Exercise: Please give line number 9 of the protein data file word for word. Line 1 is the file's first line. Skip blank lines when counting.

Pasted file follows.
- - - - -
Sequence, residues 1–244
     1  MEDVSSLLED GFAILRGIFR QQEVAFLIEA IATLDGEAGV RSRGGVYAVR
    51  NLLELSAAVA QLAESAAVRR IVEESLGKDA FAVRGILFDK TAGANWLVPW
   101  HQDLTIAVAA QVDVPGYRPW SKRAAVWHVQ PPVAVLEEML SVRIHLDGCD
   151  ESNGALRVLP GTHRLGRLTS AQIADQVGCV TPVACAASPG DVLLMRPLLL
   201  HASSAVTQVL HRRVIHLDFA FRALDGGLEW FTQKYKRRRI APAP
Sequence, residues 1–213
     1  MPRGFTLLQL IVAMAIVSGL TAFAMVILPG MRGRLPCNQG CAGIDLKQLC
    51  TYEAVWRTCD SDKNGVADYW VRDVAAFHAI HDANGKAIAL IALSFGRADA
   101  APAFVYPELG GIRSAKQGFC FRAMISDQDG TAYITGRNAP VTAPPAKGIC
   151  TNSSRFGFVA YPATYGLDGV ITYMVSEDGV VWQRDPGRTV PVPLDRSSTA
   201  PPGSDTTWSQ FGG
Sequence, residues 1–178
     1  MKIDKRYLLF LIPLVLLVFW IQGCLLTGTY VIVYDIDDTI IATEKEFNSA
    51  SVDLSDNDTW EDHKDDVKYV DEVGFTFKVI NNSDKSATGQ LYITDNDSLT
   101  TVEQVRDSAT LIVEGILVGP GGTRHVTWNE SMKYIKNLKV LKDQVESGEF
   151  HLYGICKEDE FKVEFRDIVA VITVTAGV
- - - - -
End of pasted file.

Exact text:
    51  TYEAVWRTCD SDKNGVADYW VRDVAAFHAI HDANGKAIAL IALSFGRADA